“11. The  Partnership Act, 1932 has, by Section 4, defined a “partnership” as “the relation between persons who have agreed to share the profits of a business carried on by all or any of them acting “for all”. The section declares further that the persons who have entered into partnership with one another are called individually “partners” and collectively “a firm”. The components of the definition of “partnership”, and therefore of “a firm” consist of (a) persons, (b) a business carried on by all of them or any of them q acting for all and (c) an agreement between those persons to carry on such business and to share its profits. It is the relationship between those persons which constitutes the partnership. The relation is founded in the agreement between them. The foundation of a partnership and, therefore, of a firm is a partnership agreement. A partnership agreement is the source of a partnership; it also gives expression to the other ingredients defining the partnership, specifying the business agreed to be carried on, the persons who will actually carry on the business, the shares in which the profits will be divided, and the several other considerations which constitute such an organic relationship. It is permissible to say that a partnership agreement creates and defines the relation of partnership and therefore identifies the firm.”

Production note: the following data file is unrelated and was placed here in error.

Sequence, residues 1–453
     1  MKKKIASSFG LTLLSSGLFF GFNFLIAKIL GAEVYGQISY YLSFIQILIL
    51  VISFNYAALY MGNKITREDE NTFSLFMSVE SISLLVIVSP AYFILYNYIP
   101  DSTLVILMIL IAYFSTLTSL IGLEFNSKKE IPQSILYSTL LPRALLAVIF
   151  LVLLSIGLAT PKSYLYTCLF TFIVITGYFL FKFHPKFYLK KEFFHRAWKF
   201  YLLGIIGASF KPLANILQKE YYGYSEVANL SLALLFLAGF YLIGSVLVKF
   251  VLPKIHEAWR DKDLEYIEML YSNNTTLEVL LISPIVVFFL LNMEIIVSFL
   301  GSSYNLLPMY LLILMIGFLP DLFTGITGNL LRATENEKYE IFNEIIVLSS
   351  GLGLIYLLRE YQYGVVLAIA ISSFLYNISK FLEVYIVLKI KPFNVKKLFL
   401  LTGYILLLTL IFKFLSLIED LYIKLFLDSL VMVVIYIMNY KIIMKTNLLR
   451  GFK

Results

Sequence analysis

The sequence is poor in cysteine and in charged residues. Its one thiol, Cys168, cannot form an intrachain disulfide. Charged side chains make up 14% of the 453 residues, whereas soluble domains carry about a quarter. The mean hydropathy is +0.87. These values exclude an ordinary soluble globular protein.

5. Section 6 of the Act states that while determining whether a group of persons is a firm or not, or whether a person is a partner in the firm or not, regard shall be given to the real relation between the parties, as shown by all the relevant facts taken together. In Laxmibai Roshan Lal[3],  the Rajasthan High Court held that a contract merely to take a share of profits, or giving a loan to a person engaged in any trade, upon a contract with such person that the latter shall receive interest along with share of the profits does not necessarily lead to an inference of partnership.